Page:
65. Samarapungavan A, Westby E, Bodner GM (2006) Contextual epistemic development in science: a comparison of chemistry students and research chemists. Sci Educ 90(3):468–495CrossRefGoogle Scholar
  66. Sokolowski R (2000) Introduction to phenomenology. Cambridge University Press, CambridgeGoogle Scholar
  67. Stein SJ, McRobbie CJ (1997) Students’ conceptions of science across the years of schooling. Res Sci Educ 27(4):611–628CrossRefGoogle Scholar
  68. Strauss A, Corbin J (1990) Basics of qualitative research: grounded theory procedures and techniques. Sage, Newbury ParkGoogle Scholar
  69. The Royal Society (1985) The public understanding of science. The Royal Society, LondonGoogle Scholar
  70. Thompson S, Lyons J (2008) Engineers in the classroom: their influence on African American students’ perceptions of engineering. Sch Sci Math 108:197–211CrossRefGoogle Scholar
  71. UNESCO (1983) Science for all. UNESCO Office for Education in Asia and the Pacific, BangkokGoogle Scholar
  72. van Manen M (1990) Researching lived experiences. State University of New York Press, AlbanyGoogle Scholar
  73. Vincenti W (1990) What engineers know and how they know it: analytical studies from aeronautical history. The Johns Hopkins University Press, BaltimoreGoogle Scholar
  74. White RT, Gunstone RF (1992) Probing understanding. The Falmer Press, LondonGoogle Scholar
  75. Wulf WA (2002) The urgency of engineering education reform. J Sci Technol Eng Math Educ 3:3–9Google Scholar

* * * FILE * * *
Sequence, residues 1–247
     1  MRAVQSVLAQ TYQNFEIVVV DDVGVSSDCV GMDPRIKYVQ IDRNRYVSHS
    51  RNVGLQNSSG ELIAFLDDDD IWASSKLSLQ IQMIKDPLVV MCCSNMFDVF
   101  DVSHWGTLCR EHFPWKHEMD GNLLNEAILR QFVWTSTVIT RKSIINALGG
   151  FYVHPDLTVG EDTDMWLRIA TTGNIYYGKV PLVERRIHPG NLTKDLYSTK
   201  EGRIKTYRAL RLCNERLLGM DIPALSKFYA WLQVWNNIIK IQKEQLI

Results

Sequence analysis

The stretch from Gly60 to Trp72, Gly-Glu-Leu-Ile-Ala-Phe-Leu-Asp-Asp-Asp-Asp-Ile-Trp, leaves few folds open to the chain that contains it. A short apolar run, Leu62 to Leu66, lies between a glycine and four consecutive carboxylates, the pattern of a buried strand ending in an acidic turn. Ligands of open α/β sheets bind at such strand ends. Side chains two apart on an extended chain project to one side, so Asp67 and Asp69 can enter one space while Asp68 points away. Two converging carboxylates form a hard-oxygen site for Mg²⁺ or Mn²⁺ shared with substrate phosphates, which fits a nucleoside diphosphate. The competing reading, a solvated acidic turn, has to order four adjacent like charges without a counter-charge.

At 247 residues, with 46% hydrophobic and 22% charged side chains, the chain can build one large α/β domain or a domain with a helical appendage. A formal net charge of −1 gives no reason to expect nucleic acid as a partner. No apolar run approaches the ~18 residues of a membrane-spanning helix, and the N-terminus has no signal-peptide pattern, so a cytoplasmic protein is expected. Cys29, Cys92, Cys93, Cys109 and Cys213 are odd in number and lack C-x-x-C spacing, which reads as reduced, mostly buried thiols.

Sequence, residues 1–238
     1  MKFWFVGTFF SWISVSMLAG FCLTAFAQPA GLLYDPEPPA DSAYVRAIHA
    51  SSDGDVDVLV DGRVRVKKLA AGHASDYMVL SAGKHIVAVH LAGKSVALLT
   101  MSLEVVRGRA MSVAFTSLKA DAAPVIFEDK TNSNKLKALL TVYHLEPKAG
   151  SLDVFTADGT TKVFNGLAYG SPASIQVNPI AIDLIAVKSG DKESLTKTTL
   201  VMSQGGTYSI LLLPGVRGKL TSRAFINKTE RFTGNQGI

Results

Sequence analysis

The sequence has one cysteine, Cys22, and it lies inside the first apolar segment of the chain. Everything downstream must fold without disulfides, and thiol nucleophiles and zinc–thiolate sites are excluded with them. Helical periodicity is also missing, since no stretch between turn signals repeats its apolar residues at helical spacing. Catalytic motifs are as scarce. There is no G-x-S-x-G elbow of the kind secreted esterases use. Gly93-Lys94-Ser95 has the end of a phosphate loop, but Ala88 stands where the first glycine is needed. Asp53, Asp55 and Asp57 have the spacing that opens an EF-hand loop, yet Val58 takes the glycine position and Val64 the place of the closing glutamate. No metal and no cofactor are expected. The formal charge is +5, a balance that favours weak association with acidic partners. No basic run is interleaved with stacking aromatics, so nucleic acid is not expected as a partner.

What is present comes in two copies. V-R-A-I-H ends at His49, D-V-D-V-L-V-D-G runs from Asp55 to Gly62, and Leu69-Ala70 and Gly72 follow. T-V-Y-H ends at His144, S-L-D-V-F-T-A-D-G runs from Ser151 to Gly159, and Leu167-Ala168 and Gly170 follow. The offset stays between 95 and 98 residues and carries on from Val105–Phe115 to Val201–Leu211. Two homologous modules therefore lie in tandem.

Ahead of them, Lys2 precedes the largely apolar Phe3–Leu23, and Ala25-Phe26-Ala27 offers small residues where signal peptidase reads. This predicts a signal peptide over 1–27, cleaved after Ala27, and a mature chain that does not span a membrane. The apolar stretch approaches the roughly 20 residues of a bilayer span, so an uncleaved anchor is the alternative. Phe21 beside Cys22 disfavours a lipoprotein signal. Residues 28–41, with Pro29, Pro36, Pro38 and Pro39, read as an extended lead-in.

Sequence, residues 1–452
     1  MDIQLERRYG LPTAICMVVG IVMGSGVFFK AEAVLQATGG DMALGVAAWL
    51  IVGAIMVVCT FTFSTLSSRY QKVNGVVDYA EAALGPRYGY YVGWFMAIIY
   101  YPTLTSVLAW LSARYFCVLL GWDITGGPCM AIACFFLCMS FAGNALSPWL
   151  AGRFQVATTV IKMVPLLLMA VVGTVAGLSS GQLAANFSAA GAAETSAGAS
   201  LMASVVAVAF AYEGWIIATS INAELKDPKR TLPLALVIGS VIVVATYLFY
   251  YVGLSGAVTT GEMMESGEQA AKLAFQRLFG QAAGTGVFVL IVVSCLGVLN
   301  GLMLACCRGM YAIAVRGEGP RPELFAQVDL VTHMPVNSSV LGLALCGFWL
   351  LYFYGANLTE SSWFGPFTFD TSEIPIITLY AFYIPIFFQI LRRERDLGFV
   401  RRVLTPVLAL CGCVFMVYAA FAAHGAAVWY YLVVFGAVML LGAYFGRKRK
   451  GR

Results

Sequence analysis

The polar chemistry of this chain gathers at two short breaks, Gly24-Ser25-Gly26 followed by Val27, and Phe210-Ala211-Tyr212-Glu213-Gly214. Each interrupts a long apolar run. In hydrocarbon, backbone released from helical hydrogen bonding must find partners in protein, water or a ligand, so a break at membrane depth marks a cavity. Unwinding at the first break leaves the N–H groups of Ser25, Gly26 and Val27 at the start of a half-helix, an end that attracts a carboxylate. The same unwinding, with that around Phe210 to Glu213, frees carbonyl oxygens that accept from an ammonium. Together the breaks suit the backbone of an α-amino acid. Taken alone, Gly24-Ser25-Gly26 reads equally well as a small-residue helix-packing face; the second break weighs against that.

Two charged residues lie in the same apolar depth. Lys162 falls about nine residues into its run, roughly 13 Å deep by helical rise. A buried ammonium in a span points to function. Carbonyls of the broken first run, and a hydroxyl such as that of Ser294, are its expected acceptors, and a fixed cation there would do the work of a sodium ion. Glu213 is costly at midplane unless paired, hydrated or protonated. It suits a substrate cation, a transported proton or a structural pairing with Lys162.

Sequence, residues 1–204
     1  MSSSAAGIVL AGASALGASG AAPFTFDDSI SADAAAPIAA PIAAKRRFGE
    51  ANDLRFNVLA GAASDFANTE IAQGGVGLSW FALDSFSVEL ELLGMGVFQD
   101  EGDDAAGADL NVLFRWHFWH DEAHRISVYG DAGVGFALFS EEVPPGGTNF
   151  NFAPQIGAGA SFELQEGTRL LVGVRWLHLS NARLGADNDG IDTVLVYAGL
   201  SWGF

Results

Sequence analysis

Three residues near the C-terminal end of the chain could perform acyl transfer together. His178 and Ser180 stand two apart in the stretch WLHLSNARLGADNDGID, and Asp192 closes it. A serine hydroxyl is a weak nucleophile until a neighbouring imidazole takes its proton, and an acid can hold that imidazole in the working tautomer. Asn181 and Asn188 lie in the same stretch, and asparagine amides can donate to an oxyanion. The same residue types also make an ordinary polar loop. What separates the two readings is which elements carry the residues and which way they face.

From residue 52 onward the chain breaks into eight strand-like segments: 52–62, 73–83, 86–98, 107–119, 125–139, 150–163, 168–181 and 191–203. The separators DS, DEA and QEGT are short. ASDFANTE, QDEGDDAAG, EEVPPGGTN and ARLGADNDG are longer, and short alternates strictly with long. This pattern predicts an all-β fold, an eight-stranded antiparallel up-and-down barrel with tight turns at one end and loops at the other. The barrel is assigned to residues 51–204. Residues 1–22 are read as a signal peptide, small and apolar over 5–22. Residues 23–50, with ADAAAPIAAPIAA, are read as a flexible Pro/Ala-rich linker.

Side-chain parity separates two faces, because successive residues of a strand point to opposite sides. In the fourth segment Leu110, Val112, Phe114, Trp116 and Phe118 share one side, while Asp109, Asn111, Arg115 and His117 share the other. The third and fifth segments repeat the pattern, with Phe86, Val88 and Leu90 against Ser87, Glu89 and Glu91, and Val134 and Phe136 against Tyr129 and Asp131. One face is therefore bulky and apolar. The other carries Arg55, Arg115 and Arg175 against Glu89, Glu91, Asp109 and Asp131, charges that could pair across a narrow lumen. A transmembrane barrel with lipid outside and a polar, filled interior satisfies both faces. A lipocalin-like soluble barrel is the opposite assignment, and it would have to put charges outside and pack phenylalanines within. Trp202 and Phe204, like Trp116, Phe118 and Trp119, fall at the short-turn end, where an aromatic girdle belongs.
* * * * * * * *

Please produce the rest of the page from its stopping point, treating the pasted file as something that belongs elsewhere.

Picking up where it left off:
76. Yager RE (1996) History of science/technology/society as reform in the United States. In: Yager RE (ed) Science/technology/society as reform in science education. SUNY Press, Albany, pp 3–15Google Scholar
  77. Yalvac B, Tekkaya C, Cakiroglu J, Kahyaoglu E (2007) Turkish pre-service science teachers’ views on science-technology-society issues. Int J Sci Educ 29:331–348CrossRefGoogle Scholar

Copyright information

© Springer Science+Business Media, LLC 2010

Authors and Affiliations

  • Faik O. Karatas
    • 1
  • Amy Micklos
    • 2
  • George M. Bodner
    • 3
    Email author
  1. 1.Department of Secondary Science and Mathematics EducationKaradeniz Technical UniversitySogutlu, TrabzonTurkey
  2. 2.Department of ChemistryPurdue UniversityWest LafayetteUSA
  3. 3.Department of Chemistry and School of Engineering EducationPurdue UniversityWest LafayetteUSA

Personalised recommendations